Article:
Assessment: The work builds on, adds to, and possibly supplants the prior works, like Accardo's Failure to Thrive in Infancy and Early Childhood (1982), and Drotar's New Directions in Failure to Thrive: Implications for Research and Practice (1986). Many of the authors in the second book present updated information in this current work. I recommend this book as an essential component of the core library for all general pediatricians. I encourage them to read it completely. It should be available, as a reference, for all other professionals who deal with infants and young children.
Booknews
Thirty-seven contributions from a variety of disciplines discuss the condition of infants and young children, generally three years and younger, who fail to grow as expected based on established growth standards for age and gender. The sections detail underlying causes such as nutrition and feeding, the traditional medical aspects of undernutrition, child development issues, clinician issues, community services, and social policies. The appendices include growth charts, questionnaires, methods of assessing feeding, and family interactions. Annotation c. by Book News, Inc., Portland, Or.

3 Stars from Doody
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Product Details

  • ISBN-13: 9781557663481
  • Publisher: Brookes, Paul H. Publishing Company
  • Publication date: 1/28/1999
  • Edition description: New Edition
  • Edition number: 13
  • Pages: 620
  • Product dimensions: 7.10 (w) x 10.00 (h) x 1.30 (d)

Table of Contents

About the Editors
Contributors
Foreword
Preface
Acknowledgments
Ch. 1 Failure to Thrive and Pediatric Undernutrition: Historical and Theoretical Context 3
Ch. 2 Epidemiology of Inadequate Growth 19
Ch. 3 Effects of Undernutrition on Growth and Development 37
Ch. 4 Working with Families: An Overview for Providers 65
Ch. 5 Researching Failure to Thrive: Progress, Problems, and Recommendations 77
Ch. 6 Nutrition 99
Ch. 7 The Feeding Relationship 121
Ch. 8 Behavior Problems in Feeding: Individual, Family, and Cultural Influences 151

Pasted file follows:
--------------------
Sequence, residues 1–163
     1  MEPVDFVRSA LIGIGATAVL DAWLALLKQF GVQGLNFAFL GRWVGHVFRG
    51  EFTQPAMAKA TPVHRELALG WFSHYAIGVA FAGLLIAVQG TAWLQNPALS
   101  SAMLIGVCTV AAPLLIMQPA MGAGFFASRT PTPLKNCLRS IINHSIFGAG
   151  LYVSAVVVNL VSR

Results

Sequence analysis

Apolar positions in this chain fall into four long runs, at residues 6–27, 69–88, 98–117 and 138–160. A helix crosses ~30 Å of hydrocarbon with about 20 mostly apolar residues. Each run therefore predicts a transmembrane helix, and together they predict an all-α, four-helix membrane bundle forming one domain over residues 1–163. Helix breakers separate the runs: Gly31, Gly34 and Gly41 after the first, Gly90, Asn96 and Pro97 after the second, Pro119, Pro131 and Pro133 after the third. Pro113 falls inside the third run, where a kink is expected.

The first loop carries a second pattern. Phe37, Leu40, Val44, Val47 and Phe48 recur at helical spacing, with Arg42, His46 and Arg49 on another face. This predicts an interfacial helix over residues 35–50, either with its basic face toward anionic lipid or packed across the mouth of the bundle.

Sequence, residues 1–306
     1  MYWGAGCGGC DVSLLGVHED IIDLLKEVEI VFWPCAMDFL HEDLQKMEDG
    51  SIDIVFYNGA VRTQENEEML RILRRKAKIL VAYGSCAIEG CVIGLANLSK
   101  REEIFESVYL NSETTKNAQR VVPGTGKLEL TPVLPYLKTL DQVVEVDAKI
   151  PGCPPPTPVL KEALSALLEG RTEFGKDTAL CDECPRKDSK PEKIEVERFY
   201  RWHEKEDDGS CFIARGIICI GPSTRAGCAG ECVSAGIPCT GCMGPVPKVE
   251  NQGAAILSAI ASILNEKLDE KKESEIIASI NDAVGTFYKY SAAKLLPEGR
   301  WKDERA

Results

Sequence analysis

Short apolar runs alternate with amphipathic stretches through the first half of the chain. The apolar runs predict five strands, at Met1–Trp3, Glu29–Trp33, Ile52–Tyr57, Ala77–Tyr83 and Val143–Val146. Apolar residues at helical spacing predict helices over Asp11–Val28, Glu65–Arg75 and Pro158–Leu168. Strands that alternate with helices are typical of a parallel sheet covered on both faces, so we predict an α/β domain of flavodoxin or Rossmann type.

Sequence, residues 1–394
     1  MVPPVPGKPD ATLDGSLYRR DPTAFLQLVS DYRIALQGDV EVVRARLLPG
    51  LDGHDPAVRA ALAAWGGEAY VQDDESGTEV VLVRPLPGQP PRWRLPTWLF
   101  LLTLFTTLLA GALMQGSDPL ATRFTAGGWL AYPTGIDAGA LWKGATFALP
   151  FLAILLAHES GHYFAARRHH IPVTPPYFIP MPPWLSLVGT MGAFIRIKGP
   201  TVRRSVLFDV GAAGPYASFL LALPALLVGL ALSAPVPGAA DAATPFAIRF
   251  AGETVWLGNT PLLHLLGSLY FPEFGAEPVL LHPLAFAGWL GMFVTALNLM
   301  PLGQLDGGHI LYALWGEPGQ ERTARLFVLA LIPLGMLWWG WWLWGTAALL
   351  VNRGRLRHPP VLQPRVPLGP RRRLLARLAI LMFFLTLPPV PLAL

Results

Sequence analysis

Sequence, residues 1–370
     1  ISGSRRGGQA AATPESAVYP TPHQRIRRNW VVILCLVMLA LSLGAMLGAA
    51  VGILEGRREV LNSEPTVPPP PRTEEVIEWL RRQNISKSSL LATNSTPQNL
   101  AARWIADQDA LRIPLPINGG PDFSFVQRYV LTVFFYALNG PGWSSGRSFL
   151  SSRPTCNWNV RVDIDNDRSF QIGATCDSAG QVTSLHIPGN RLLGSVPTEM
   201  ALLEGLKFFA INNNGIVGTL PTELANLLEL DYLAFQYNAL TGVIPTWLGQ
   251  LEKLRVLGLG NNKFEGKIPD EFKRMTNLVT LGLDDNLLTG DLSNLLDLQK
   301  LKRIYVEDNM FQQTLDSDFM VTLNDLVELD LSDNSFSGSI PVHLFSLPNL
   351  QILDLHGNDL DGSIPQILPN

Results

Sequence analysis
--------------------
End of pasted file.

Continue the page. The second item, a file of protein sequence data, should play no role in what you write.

Ch. 9 Medical Assessment and Management and the Organization of Medical Services 173
Ch. 10 Clinical Assessment of Growth 195
Ch. 11 Gastrointestinal Problems and Disorders 215
Ch. 12 Cardiopulmonary Problems and Disorders of the Head and Neck 227
Ch. 13 Infectious Disease and Nutrition 239
Ch. 14 Neurological and Genetic Disorders 245
Ch. 15 Endocrine Disorders 255
Ch. 16 Adverse Reactions to Foods 261
Ch. 17 Anemia, Lead Exposure, Renal Disease, and Dental Caries 269
Ch. 18 Effects of Prenatal Exposures to Alcohol, Tobacco, and Other Drugs 275
Ch. 19 Diagnostic Coding of Children with Failure to Thrive 281
Ch. 20 Managed Care as Part of Family-Centered Service Systems 287
Ch. 21 Pediatric Undernutrition and Managed Health Care 295
Ch. 22 Interdisciplinary Teamwork 303
Ch. 23 Oral-Motor Skills and Swallowing 309
Ch. 24 Detecting Communication Difficulties in Infants and Toddlers Who Have Feeding Difficulties 319
Ch. 25 Nutrition Services in Early Intervention Programs 335
Ch. 26 Cultural Issues in Provider-Parent Relationships 351
Ch. 27 Family Routines and the Feeding Process 375
Ch. 28 Home-Visiting Intervention for Families of Children Who Experience Growth Delay 385
Ch. 29 Psychological Issues and Infant-Parent Psychotherapy 395
Ch. 30 Toward Understanding the Role of Attachment in Malnutrition 411
Ch. 31 Child Protective Services 425
Ch. 32 Nutrition in Child Care 437
Ch. 33 Community Food and Nutrition Programs 451
Ch. 34 Program Evaluation 469
Ch. 35 Coordination of Services 477
Ch. 36 Advocacy for Children and Families 489
Ch. 37 Pediatric Undernutrition and Public Policy 503
App. A Glossary 515
App. B PROCESS: Pediatric Review and Observation of Children's Environmental Support and Stimulation 525
App. C The NCAST Feeding Scale 533
App. D The Feeding Scale 539
App. E AIMS: Developmental Indicators of Emotional Health 545
App. F Food Diary, Questionnaire About Growth and Nutrition, Growth Plotting Aid, Reference Data on Weight Gain During the First 2 Years of Life, Conversion of Pounds and Ounces to Grams and of Inches to Centimeters, Growth Charts for Low Birth Weight Infants, Parent-Specific Adjustments for Evaluation of Length 555
Index 593